Steph Farnsworth reviews Purple Prose, an anthology of writing by bisexual people based in the UK
The launch of Purple Prose has gone largely under the radar; it was a small but committed project designed to raise awareness of the experiences of bisexual people in the UK. Activists from across the country banded together to scream their experiences, desperate to make sure that somebody would finally pay attention.
The anthology is available both as a text and as a digital copy. The choice to make it available in both formats was wise, given its small publicity. It’s easy to search for but most importantly, bisexual people are also statistically likely to be living in poverty – a cheaper digital version shows market awareness.
While the project was conceived to show what it means to be bisexual in the UK, its eclectic assortment of stories, artwork and personal essays are refreshingly diverse and reveal a complex picture of identities in this country.
To the credit of Purple Prose, the creators behind the idea have gone out of their way to ensure that a variety of voices were heard – and voices that usually would have little chance of accessing the publishing world. The writers have clearly relished this rare opportunity to tell their stories as while many contain harrowing stories regarding abuse and discrimination, each page is also laced with pride and self-love. People of colour reflect on their dual oppressions, fat writers rejoice in their image and transgender essayists speak powerfully on the confusing yet beautiful relationship between their gender and sexuality.
Each text contains a nuanced picture of navigating through a society that still associates bisexuality with being greedy and promiscuous (one section is called ‘Greedy, Confused and Invisible: Bi Myths and Legends). While many pieces tear apart this ridiculous stereotype, others poke fun at the residual ignorance in society. While the book is held together by the strand of a singular theme, it remains engaging throughout. Each new text is allowed its own voice, style and chance for exploration. The artwork usually accompanies a different writer’s work to give it greater power. Most of the art is in a comic style, and they are often hilariously and tragically poignant of their depictions of biphobia. However, they don’t appear until almost a third of the way into the book; Purple Prose should have placed them much earlier to break up the heavy content.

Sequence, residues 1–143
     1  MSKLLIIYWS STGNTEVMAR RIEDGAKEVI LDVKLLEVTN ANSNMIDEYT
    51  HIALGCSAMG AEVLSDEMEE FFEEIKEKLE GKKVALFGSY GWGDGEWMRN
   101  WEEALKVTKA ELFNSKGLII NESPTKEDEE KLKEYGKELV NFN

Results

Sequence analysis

The anthology is organised into sections that follow the traditional stages of a bisexual person’s experience. It opens very much concentrating upon coming out and what it means to be bisexual, including a very broad analysis of the definitions of the label. Towards the end, the shift of narrative is geared towards exploring relationships/dating while bisexual and what it means to be a bisexual older person. No stone is left unturned as it even-handedly explores polygamy and bisexuality, without playing to the stereotype of insatiable bisexuals.